Sunday, March 14

After the rude awakening of the combined effect of crossing into Central time the same night that Daylight Savings robs another hour, we rolled into the north entrance of Big Bend national park late in the morning on Sunday. We stopped by the Fossil Discovery exhibit for a quick picnic lunch and some sights of the north side of the park before embarking on a bit of a driving tour.

In the afternoon, we hiked along the Rio Grande river up the Santa Elena canyon. It’s a nice, short hike to a very narrow part of the canyon where you can wade into the river. The canyon is well shaded, and made for a pleasant spot to get out of the sun for a couple of hours in the afternoon.

On the way out, we met up we met up with Alana, Dave and Will, and found a few more places to explore along the west side of the park before calling it a day.

Monday, March 15

This morning started out simply enough. Dave dropped Will off at our hotel so he could spend the day in the park with us. We made the drive back down to Big Bend. Just before the ranger station, we came to a standstill. After sitting for about 30 minutes, we figured out that there was a construction delay just in front of the park entrance. It took us another 30 minutes to finally get in the park. Then, as we approached our destination at Chisos Basin, we ran into yet another 30 minute construction delay. Add this to the 90 minute nominal drive time, and it was already 1:00 by the time we made it to the parking lot!

Undeterred, we had our picnic and made our way to the first hike of the day. We made the 4 mile loop to “The Window”, a deep rock cut overlooking the western portion of the park. It was a very pretty hike, filled with interesting landscapes, flora, and some active bluebirds.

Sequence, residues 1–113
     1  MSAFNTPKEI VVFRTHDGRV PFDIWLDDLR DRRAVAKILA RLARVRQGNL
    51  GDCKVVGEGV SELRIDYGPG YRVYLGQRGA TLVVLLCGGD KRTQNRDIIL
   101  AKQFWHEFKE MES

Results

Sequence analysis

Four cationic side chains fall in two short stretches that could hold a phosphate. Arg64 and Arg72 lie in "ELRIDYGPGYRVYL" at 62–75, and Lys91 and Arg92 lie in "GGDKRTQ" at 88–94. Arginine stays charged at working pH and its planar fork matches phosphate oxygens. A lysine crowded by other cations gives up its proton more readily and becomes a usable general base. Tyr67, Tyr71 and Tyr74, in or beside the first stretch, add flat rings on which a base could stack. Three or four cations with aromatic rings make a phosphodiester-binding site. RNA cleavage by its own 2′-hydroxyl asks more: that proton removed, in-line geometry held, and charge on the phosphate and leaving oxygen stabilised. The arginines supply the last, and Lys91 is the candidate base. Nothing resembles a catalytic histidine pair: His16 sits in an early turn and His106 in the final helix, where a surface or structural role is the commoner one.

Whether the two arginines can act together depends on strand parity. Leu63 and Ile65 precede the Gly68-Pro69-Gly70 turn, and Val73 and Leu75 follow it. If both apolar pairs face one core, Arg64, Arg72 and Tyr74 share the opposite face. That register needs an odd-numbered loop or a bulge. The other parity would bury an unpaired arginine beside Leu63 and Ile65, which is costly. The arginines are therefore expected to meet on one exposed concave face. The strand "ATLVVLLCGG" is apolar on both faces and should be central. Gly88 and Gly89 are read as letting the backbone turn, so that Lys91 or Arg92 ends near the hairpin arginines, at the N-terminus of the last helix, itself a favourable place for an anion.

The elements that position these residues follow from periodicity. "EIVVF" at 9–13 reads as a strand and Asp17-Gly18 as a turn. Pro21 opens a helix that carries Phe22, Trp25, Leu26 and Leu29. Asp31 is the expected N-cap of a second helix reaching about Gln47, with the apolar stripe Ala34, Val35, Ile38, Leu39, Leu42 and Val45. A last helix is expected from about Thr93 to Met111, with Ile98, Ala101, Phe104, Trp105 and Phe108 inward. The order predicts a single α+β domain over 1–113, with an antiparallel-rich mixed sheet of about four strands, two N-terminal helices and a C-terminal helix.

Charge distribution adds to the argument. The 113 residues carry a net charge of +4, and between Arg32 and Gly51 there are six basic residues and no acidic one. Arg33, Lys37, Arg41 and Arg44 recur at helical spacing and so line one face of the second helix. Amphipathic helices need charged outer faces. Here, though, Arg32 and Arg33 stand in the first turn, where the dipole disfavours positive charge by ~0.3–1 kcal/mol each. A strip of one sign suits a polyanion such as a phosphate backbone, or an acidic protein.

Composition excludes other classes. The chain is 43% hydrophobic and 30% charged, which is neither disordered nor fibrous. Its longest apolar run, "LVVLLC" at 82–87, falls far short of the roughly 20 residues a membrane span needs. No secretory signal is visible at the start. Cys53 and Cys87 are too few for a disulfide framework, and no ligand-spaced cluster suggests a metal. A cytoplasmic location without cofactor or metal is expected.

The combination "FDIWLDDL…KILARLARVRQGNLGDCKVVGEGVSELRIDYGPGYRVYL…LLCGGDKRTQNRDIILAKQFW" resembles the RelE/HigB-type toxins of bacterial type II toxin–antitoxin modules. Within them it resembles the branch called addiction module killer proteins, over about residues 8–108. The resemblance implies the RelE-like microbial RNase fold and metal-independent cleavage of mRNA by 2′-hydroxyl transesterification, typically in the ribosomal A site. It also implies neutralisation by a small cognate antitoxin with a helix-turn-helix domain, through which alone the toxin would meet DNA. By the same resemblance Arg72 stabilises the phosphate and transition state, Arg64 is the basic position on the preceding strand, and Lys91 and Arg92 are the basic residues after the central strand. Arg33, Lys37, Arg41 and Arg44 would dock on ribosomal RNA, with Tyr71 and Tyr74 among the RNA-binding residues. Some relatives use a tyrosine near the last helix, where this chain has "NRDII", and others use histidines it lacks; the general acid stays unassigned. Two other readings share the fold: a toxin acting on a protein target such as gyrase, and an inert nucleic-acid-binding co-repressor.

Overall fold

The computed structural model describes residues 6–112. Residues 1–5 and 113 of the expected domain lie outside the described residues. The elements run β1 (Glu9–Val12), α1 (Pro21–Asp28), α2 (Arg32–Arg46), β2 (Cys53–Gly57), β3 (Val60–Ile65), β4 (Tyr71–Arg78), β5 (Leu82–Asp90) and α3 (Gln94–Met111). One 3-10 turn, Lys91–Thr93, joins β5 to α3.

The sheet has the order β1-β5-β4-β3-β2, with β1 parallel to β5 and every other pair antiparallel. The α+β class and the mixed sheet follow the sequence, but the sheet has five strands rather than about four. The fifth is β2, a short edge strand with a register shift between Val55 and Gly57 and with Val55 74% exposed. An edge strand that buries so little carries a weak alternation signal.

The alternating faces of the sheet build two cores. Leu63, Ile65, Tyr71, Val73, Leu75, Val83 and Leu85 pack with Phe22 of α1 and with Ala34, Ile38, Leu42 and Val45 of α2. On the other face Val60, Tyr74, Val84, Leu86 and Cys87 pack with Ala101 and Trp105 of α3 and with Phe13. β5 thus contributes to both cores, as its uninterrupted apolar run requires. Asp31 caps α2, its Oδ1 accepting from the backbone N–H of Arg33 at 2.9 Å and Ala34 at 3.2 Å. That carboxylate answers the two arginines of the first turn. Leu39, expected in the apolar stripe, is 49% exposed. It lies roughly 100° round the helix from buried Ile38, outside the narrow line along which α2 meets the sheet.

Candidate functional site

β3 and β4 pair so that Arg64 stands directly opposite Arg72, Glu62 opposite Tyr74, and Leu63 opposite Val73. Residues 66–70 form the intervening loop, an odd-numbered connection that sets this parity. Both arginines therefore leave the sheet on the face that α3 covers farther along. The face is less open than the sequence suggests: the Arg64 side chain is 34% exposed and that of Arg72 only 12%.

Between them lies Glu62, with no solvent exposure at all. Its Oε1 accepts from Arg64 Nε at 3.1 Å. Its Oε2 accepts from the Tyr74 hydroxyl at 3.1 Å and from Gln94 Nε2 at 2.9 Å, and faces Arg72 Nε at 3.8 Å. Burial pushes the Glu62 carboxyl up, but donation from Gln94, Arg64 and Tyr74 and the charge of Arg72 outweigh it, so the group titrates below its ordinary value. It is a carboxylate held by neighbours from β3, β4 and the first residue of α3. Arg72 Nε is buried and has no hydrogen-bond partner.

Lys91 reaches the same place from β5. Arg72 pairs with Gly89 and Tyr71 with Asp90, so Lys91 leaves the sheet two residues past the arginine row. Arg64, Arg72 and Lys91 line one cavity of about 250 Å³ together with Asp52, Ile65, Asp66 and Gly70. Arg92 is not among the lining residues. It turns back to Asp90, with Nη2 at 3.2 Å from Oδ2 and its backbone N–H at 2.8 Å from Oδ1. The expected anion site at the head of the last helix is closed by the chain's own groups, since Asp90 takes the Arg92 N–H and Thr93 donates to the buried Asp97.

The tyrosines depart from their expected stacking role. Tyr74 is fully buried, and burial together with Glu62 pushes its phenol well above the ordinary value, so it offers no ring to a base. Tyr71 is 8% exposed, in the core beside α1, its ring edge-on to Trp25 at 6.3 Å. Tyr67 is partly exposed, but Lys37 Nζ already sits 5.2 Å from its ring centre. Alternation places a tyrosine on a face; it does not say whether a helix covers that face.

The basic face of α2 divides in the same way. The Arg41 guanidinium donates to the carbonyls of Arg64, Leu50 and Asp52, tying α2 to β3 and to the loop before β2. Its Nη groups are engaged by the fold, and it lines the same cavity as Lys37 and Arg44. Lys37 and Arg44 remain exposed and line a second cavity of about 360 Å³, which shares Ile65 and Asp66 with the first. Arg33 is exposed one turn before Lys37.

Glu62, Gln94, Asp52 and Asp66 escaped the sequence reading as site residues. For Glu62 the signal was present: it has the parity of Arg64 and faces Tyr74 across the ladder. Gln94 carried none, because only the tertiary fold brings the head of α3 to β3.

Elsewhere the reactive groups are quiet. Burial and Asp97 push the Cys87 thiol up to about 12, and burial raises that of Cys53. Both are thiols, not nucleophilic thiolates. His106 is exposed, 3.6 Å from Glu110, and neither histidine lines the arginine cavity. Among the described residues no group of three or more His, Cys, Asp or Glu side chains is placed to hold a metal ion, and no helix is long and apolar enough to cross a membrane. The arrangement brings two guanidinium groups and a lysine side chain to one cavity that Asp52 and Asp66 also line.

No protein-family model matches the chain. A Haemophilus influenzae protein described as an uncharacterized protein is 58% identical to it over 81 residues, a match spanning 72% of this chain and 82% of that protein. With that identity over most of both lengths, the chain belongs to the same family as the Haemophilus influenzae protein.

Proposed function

After a quick stop at the store for some ice cream, we made the adventurous drive out to the trailhead for Balanced Rock. This led to a 2 mile roundtrip to see a large boulder precariously perched on some other rocks. The hike itself was mostly flat, until the last quarter mile that has you scrambling up rocks like mountain goats. Quite fun!

All in all, it ended up another late day. We tried to find dinner in Terlingua, just outside the park entrance, only to find all options either packed or closed. So, back to town for another 9:30 fast food dinner. Physically exhausted, but really enjoyed another beautiful day in the park.

Tuesday, March 16

For our last day in Big Bend, we drove to the far eastern point, to a location called Boquillas Canyon. This is another narrow canyon along the Rio Grande. Along the hike, a number of Mexican entrepreneurs have placed small arts and crafts for sale. Most of them watch safely from the other side of the river during the day. A few actually cross the river and offer up tamales for sale to the passing throngs of tourists.

We waded out into the river to cool down. Evan decided to go all the way across for his second international venture of the week. The river bed is very rocky, and was uncomfortable for most of us to go more than a few feed out. Still, it made for a nice break from the afternoon heat.

Afterword, we drove around the far side looking for one more hike. We chose the Blue Creek trail, somewhat randomly, but partially because it ran past the abandoned Homer Wilson ranch house, and Alex is fascinated by old “homesteads”. The trail was pretty, if not all that distinctive. After a couple of miles it was time to turn back and make our way out of the park.

That was it for our Big Bend visit. It was very different than our other national park visits to date. It may not be as grand or as inviting of a wilderness as some of the mountain parks but we were all happy for the chance to experience it. Now, it’s on to Carlsbad to hopefully tour the canyon and hike through the Guadalupe Mountains.

This Post Has One Comment

  1. It’s great reading about your Nat’l park adventures. The pictures are awesome. Thanks for sharing! Love, Mom/Grandma Judy

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